Can innocent supervisors be held civilly liable for a subordinate’s wrongful use of deadly force? This was the issue facing the United States Court of Appeals for the Fifth Circuit in a case decided in April 2005. Troy Davis of North Richland Hills, TX was shot and killed by a SWAT team member during the first two seconds of the execution of a no-knock search and arrest warrant at Davis’s home. This operator, the first team member to enter the residence, claimed that Davis stood at the end of a hallway and pointed a gun at him. Other officers corroborated this account of the facts.
Davis’s estate sued the SWAT officer, as well as his supervisors, the chief of police, who was not present at the raid, and the SWAT team commander who was present on the outside of the home but did not actually participate in the raid. The plaintiffs claimed that the officer used excessive force, and that his superiors inadequately supervised him.
The plaintiffs further allege that before the raid, the supervisors knew the officer was, according to court documents, “prone to use excessive and/or deadly force without cause,” that he had “a reputation for displaying lewd and criminal behavior while on and off-duty” and that his “employment history branded and identified him as dysfunctional and unfit for police work.”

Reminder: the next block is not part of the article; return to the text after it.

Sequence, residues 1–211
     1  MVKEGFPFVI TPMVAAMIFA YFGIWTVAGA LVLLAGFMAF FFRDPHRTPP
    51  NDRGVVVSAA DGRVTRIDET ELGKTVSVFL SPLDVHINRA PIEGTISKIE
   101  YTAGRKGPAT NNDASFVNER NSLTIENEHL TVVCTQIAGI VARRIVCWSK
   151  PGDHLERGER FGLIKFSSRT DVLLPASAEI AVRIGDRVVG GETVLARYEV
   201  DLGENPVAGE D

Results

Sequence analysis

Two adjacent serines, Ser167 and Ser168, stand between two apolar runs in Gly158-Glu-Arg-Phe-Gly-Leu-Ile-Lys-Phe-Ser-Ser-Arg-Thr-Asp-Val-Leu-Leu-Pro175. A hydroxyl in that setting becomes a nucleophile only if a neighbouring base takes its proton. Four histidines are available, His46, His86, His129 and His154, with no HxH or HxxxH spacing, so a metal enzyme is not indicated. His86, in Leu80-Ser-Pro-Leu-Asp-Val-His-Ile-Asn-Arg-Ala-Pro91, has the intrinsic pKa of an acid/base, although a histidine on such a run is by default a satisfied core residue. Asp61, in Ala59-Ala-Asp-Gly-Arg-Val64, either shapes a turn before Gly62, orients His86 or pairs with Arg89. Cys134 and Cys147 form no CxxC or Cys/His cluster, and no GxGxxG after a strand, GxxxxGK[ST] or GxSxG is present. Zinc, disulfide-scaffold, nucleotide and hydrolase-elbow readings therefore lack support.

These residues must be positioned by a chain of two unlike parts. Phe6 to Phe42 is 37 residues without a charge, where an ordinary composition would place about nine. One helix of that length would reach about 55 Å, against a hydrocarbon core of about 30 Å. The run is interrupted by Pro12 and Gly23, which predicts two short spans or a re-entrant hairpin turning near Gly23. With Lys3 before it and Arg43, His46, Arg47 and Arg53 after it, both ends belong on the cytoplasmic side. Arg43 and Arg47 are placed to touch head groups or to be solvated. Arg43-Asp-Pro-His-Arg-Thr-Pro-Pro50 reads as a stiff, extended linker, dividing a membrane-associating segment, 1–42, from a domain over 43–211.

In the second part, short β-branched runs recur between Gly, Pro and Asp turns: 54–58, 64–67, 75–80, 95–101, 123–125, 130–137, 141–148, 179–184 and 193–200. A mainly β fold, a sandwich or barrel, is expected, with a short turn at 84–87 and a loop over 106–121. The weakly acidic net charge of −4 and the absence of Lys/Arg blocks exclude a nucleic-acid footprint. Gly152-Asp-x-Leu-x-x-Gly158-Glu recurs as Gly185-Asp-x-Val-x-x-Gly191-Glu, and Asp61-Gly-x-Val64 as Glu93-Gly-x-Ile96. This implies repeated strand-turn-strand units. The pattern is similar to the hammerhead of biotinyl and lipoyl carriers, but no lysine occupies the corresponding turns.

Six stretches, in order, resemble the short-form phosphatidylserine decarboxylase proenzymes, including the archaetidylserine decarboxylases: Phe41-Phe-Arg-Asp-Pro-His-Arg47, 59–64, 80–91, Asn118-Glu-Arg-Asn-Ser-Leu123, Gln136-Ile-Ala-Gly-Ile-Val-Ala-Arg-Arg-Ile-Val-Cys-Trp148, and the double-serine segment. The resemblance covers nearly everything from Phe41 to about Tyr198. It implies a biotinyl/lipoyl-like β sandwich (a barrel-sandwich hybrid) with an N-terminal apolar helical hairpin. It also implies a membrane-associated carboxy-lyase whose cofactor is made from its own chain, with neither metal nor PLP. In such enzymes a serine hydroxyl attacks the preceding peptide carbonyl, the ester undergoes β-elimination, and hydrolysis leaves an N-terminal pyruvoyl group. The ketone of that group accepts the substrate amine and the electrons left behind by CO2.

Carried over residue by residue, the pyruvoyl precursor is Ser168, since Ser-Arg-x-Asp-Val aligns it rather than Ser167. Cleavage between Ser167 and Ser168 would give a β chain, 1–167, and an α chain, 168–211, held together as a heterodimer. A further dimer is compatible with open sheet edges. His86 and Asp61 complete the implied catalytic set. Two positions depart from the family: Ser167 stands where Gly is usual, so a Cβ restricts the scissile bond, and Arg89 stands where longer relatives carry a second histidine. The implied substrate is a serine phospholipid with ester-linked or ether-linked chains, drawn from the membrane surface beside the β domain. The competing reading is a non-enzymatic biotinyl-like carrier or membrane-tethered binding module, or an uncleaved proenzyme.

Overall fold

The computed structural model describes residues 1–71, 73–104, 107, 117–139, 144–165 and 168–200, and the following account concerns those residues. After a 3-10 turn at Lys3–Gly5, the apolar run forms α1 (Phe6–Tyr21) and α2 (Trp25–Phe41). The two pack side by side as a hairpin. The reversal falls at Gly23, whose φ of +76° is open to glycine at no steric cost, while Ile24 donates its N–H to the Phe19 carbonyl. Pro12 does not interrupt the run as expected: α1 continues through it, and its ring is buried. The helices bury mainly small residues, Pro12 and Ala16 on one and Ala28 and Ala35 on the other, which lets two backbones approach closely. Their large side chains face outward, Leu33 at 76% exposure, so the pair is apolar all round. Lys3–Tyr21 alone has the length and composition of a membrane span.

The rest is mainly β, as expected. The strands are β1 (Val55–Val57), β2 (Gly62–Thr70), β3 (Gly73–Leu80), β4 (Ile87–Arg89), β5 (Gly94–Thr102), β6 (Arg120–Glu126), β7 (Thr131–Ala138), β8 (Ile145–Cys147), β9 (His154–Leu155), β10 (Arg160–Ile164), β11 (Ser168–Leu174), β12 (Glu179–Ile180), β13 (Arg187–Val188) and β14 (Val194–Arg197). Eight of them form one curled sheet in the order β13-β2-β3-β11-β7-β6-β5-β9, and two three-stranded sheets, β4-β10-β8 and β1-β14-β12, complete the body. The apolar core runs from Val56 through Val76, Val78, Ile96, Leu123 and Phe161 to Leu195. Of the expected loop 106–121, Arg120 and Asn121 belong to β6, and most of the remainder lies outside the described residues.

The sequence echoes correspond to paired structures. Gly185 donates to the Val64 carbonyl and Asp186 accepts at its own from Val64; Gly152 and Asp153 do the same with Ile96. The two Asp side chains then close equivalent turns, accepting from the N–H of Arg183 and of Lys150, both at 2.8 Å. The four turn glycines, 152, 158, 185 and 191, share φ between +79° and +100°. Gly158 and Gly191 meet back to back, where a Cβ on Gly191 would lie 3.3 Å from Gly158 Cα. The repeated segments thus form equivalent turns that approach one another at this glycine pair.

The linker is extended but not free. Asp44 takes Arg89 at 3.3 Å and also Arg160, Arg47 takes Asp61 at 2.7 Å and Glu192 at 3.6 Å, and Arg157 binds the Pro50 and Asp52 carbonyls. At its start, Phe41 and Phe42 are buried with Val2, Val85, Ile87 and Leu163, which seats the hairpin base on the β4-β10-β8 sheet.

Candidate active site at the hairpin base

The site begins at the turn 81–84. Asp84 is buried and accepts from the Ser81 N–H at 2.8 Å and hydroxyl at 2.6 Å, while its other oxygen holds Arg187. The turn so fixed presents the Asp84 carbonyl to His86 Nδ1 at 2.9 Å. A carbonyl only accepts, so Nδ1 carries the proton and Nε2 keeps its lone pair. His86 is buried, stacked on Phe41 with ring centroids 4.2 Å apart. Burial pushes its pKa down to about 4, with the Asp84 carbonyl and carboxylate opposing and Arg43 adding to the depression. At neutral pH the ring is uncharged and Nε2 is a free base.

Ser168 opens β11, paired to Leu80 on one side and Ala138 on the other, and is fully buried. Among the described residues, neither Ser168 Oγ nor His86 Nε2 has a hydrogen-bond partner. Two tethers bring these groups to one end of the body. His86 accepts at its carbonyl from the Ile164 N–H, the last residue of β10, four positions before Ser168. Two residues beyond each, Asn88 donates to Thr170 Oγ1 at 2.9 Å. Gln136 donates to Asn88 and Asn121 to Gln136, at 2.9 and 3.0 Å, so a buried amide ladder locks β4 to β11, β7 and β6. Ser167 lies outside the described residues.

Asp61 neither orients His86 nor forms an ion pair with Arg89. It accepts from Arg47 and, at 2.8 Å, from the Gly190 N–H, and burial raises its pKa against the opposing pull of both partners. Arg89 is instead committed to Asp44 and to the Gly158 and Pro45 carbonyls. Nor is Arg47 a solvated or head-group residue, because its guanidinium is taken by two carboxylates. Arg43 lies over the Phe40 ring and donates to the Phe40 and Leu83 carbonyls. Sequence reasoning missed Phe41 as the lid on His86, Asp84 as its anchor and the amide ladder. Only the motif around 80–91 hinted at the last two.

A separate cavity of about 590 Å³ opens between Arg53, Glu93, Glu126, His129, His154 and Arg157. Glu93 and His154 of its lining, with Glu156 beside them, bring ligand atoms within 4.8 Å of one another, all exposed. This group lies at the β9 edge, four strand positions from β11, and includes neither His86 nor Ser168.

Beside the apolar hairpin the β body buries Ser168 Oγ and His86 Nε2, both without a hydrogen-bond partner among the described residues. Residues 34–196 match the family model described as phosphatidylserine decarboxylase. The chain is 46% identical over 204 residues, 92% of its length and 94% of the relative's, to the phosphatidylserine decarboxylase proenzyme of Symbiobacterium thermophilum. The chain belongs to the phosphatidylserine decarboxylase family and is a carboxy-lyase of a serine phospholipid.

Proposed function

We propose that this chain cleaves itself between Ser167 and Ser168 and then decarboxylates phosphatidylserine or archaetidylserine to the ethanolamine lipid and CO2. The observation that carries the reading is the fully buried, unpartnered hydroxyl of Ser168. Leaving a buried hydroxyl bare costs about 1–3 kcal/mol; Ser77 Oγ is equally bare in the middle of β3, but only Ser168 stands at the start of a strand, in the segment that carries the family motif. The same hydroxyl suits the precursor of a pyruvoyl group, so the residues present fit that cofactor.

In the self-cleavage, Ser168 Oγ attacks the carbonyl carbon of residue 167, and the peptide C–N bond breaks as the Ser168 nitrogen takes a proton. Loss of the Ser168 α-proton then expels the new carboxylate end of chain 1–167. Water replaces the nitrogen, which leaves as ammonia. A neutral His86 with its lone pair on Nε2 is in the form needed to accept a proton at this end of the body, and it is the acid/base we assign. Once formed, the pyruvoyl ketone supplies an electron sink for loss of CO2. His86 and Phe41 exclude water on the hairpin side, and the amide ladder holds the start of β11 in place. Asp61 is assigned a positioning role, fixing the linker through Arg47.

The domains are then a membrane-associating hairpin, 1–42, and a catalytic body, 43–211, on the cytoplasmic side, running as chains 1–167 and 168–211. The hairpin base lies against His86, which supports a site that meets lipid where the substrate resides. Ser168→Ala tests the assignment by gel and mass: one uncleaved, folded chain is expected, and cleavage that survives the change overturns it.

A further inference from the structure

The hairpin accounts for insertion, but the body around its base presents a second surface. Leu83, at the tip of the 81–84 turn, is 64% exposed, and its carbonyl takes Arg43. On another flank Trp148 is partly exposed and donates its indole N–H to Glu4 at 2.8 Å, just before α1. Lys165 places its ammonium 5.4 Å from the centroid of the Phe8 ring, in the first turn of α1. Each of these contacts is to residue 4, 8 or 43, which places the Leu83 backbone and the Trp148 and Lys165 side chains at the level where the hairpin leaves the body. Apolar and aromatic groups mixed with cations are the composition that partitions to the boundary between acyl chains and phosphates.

In support of these allegations, plaintiffs relied on the testimony of another SWAT operator and of a motorist concerning unrelated incidents, which had occurred before the raid. The former member of the SWAT team recounted that the officer in question had fired his weapon on three occasions during training exercises in scenarios that did not necessitate the firing of a weapon. Further testimony involved a SWAT team photograph was taken during a training exercise, in which the officer exposed himself.
Separately, a motorist who had been pulled over by the officer for a traffic violation complained to his supervisors that the officer behaved “like a psycho” and was “going to kill somebody.”
The two police supervisors moved for summary judgment on the basis of qualified immunity. The District Court for the Northern District of Texas denied the motion, holding that there was a genuine issue of material fact, whether the supervisors were deliberately indifferent to the officer’s alleged propensity to use excessive force, and whether their conduct was reasonable. The court also denied summary judgment to the officer on the excessive force claim but granted summary judgment to all defendants as to the remaining claims.
The two supervisors filed an appeal, claiming that plaintiffs did not overcome the bar of qualified immunity. Once that defense was claimed, the plaintiffs had to, according to the subsequent decision, “rebut the qualified immunity defense” by establishing that the official’s allegedly wrongful conduct violated clearly established law.